Affiliated Faculty & Themes

Hematopoietic, Bone Marrow and Cord Blood
Hematopoietic stem cells give rise to all the cells of the blood and are the only type of stem cells successfully utilized in therapy for bone marrow and cord blood transplantation. Thus, many investigators are involved in understanding the signals that control the growth of blood stem cells and how cells in the microenvironment regulate hematopoietic stem cell function. This fundamental information will help identify novel strategies not only to increase stem cell numbers for transplantation, but also to enhance stem cell regeneration after injury.

Jun “Benny” Chen, MD
Professor
Internal Medicine, Duke School of Medicine
Chen Lab

Bernard Mathey-Prevot, PhD
Professor
Pharmacology and Cancer Biology, Duke School of Medicine
Mathey-Prevot Lab

Eda Yildirim, PhD
Assistant Professor
Cell Biology, Duke School of Medicine
Yildirim Lab

Phuong Doan, MD
Associate Professor
Department of Medicine, Duke School of Medicine

Tissue Engineering
One of the major challenges of stem cell research is “delivery”; how to introduce stem cells or their differentiated derivatives into damaged or defective organs so that they can perform their normal function and respond to physiological demands. Achieving normal function may involve the cells being organized into three-dimensional tissue structures like blood vessels or pieces of cartilage, or integrating closely with existing cells, for example when grafted into the heart or nervous system. Tissue engineering seeks to address these problems by combining stem cells or their derivatives with artificial matrices or scaffolds that support the cells, mold them into specific shapes, and even cleverly mimic the microenvironment of the stem cell niche.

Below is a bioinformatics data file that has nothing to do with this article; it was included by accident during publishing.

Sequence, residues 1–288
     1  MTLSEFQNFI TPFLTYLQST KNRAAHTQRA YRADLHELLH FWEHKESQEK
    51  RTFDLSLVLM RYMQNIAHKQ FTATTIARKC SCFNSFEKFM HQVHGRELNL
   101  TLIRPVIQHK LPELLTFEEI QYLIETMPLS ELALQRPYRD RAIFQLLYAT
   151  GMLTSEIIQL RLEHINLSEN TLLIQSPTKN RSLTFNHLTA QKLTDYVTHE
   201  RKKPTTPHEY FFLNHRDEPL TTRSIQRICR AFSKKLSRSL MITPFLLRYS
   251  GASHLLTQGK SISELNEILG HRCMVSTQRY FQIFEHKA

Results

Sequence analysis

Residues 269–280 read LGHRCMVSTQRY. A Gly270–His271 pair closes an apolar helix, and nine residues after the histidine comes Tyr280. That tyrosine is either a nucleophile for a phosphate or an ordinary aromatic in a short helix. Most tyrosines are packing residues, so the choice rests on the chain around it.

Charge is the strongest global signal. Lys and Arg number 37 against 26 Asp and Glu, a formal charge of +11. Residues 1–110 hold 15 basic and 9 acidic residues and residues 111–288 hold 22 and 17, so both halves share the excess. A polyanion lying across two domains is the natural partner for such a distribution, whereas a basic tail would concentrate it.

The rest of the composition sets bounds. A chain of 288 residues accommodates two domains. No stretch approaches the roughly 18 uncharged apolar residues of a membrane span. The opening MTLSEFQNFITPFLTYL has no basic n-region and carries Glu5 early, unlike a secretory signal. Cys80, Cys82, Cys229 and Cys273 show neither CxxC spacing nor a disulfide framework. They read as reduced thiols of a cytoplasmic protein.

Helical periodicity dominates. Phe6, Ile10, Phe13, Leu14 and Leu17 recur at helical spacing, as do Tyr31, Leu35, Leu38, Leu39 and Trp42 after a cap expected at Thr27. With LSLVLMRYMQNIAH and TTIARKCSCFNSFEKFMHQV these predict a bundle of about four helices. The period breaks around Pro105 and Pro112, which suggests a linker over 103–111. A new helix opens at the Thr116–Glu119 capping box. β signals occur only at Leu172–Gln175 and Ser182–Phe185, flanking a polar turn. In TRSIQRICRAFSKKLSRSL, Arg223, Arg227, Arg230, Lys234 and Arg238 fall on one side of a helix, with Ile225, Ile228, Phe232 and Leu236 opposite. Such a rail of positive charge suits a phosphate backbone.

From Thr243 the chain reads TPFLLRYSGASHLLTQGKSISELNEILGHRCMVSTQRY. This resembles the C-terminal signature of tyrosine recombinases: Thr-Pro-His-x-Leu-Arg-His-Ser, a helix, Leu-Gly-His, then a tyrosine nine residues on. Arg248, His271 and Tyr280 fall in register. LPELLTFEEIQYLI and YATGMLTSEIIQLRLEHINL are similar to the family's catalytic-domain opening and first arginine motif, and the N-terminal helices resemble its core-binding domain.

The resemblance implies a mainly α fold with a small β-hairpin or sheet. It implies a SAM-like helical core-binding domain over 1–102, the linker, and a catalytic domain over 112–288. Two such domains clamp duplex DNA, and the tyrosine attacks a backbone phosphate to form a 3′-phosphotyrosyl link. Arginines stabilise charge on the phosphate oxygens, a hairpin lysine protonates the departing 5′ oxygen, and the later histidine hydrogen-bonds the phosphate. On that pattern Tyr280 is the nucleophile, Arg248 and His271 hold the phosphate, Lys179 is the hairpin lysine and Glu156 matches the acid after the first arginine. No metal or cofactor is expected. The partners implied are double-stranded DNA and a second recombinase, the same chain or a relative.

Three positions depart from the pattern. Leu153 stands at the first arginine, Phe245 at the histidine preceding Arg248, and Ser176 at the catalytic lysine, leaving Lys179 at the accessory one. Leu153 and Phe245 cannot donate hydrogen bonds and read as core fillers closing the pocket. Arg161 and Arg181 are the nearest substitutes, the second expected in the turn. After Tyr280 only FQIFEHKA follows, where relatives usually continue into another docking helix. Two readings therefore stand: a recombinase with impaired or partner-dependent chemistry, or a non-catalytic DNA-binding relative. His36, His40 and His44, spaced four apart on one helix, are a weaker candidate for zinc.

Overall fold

David Sherwood, PhD
Professor
Biology, Duke School of Medicine
Sherwood Lab

George Truskey, PhD
Professor
Biomedical Engineering, Duke Pratt School of Engineering
Truskey Lab

Herbert Kim Lyerly, MD
Professor
Surgery, Immunology, Pathology; Duke School of Medicine

Nenad Bursac, PhD
Professor
Biomedical Engineering, Duke Pratt School of Engineering
Bursac Lab

Musculoskeletal
Researchers in this area focus on developmental biology and bioengineering as it relates to regeneration and repair of components of the musculoskeletal system like muscle, tendons, cartilage, and bone.

David Brown, MD, PhD
Assistant Professor